Hair Loss Can Hurt
For some, the idea of hair loss may seem like a first world problem. However, for people that live in Freehold, NJ, that doesn’t mean that the pain is any less real. Hair loss itself can happen for some different reasons, and while pattern baldness is predominantly tied to male genes, hair loss can happen to women as well, often with far more severe psychological consequences due to how uncommon it is.
For anyone experiencing hair loss in Freehold, NJ it can be a confusing and awkward time. On the one hand, it’s not exactly a major crisis such as the death of a family member or friend, but at the same time, it can have real emotional effects on self-esteem and well-being, but why?
The Beauty Factor
Of course, the biggest issue, for both men and women, is that hair is often associated with femininity, masculinity, virility and, of course, physical attractiveness. So for some people who place a portion of their sense of self-worth on their appearance, or their perception in the eyes of others, hair loss, when it becomes noticeable, can sometimes cause a significant loss of self-esteem, confidence, and even lead to depression.
While males experiencing pattern baldness is a fairly common occurrence, it’s less so for women. This can sometimes mean the surprise of a woman finding out she has the rare genetic conditions require for hair loss can leave her even less psychologically prepared than men.
What To Do
While the emotional consequences of hair loss can be significant, even chronic, there are things that people can do to help offset this negative experience, and eventually, recover. It’s important not to let hair loss have a permanent, negative, psychological effect, and it can be dealt with a few ways.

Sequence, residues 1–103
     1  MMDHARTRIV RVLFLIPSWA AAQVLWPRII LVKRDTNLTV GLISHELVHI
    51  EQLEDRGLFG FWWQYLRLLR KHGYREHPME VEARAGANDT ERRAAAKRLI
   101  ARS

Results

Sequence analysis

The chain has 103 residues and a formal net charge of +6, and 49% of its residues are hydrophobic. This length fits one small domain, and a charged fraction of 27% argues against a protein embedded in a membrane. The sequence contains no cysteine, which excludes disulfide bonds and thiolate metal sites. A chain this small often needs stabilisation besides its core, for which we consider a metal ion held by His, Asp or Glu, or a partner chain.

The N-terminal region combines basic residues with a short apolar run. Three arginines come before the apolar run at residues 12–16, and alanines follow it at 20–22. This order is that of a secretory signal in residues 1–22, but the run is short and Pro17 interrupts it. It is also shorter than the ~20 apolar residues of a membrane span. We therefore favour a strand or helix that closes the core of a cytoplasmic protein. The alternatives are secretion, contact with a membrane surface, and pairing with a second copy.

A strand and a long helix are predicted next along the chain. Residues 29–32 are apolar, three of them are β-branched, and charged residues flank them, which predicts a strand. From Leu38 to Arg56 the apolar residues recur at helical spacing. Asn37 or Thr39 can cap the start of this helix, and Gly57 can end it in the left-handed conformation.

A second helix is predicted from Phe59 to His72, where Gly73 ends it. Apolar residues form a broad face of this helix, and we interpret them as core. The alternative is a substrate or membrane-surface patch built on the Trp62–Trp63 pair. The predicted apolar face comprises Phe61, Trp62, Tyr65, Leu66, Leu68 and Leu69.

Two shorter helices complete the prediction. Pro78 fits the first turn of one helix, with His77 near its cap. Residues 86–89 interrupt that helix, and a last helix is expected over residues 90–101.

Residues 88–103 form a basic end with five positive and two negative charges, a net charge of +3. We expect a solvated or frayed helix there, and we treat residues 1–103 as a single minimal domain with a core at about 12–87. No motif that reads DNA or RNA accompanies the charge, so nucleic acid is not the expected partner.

Reasoning It Out
The simplest solution is the gradual acceptance and change in perspective, similar to the mourning process. Hair loss is, after all, not life-threatening, and doesn’t impact a person’s ability to exercise, enjoy good food, read fulfilling books, or spend time with friends and family.
There may be some instances, such as professional performers or models, where hair loss has an actual career impact. However, for most people, hair loss won’t have that effect. If, on the other hand, a person knows people in his or her social circle who will actively avoid a person due to hair loss, it may be time to assess whether these acquaintances are worth maintaining.
If hair loss is having such a profound emotional effect that a person is no longer able to function normally, it may be time to seek professional help. Counselors, therapists, and even clinical psychologists or psychiatrists are available to help people who need it, though the cost may be significant.
Hair loss can happen to anyone in Freehold, NJ, but it doesn’t have to be the end. There are plenty of coping mechanisms to help people deal with the emotional consequences, and it’s important to adjust to hair loss, and not let it control other aspects of a person’s daily life.